In a world first procedure, a Greek Australian surgeon, Dr George Dimitroulis, fitted a 3D printed jaw construction and new teeth to 31-year-old Anelia Myburgh, an oral cancer patient from Melbourne.
Ms Myburgh was diagnosed with jaw cancer in April 2017, after noticing a small bump above her teeth, which was causing them to move. While specialists initially told her it wasn’t anything sinister, the test results that came back a week later proved it was cancerous which resulted in Ms Myburgh undergoing immediate life-saving surgery to remove most of her upper jaw and part of her lips.
While removing the life-threatening tumour, Ms Myburgh lost 80% of her top jaw and her face was left disfigured and she felt self-conscious, embarrassed and uncomfortable.
“They removed the majority of the upper jaw, so I only have the two back teeth on each side left, they removed a portion of the lip and some under structure of the nose area,” she told channel Nine News.
After researching on her own, Ms Myburgh came across surgeon George Dimitroulis, a Melbourne based maxillofacial, who managed to customise a 3D jaw featuring a titanium frame that allows teeth to be implanted.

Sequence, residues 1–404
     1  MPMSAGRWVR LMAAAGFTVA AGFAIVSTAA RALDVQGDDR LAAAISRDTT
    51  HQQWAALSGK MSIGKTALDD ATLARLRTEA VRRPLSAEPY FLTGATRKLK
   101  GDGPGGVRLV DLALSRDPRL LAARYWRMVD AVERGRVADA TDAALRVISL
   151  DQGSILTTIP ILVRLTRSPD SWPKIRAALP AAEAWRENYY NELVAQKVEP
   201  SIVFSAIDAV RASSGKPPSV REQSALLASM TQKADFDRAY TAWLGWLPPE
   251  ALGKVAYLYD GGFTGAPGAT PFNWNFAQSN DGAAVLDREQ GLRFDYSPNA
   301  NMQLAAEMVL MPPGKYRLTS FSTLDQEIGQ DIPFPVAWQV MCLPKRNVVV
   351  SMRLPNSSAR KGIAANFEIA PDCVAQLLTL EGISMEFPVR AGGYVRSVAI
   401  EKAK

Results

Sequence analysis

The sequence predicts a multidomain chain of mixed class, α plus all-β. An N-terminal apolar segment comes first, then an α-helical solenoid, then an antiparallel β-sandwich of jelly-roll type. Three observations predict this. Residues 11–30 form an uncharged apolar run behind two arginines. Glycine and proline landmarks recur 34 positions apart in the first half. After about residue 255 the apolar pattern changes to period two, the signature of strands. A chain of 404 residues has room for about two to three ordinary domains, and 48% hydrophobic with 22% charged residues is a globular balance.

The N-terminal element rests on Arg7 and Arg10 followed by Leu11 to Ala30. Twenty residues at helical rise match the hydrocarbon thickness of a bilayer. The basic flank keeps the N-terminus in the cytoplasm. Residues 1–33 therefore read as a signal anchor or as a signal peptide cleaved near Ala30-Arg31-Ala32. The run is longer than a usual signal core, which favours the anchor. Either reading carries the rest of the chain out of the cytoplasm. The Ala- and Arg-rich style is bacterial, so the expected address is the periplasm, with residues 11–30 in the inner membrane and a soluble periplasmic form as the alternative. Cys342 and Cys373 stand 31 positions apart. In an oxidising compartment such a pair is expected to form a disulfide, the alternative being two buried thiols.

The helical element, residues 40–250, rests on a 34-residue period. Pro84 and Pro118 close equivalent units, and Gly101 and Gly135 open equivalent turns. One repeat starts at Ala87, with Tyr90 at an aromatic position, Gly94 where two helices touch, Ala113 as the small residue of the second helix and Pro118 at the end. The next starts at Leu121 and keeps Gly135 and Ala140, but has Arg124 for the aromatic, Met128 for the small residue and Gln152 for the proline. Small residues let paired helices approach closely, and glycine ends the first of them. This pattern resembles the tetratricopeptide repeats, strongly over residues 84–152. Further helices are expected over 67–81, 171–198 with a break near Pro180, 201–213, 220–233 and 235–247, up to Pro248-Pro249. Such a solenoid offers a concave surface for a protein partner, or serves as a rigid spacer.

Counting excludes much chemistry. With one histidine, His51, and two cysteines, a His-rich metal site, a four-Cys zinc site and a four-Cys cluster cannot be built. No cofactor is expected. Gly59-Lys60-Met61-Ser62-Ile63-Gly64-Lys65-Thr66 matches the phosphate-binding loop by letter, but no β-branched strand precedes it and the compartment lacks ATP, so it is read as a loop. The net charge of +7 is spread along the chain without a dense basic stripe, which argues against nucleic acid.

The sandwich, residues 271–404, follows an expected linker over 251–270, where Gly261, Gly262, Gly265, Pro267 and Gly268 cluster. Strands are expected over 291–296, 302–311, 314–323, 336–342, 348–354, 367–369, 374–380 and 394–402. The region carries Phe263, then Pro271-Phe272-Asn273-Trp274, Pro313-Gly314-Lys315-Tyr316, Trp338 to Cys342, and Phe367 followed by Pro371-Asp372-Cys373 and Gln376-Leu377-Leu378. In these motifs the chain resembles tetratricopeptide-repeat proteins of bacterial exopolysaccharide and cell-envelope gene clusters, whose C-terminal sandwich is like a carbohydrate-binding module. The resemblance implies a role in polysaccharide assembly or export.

During the surgery, a skin graft was also performed, after the skin was taken from her forearm and used to help pad out her lip.
“The fact that we can 3D print a frame where we can actually anchor some teeth for her will give her back her quality of life,” said Dr Dimitroulis.
The 31-year-old has said that the implant has changed her life forever and now she can enjoy going out for meals with her friends.
“We communicate with our mouths, we eat with our mouths, if you don’t have a mouth we can’t really live in a way a person takes for granted.”
Ms Myburgh told Nine News she was looking forward to being able to eat meals with family and friends again and she can’t wait to finally enjoy some pizza and burgers again.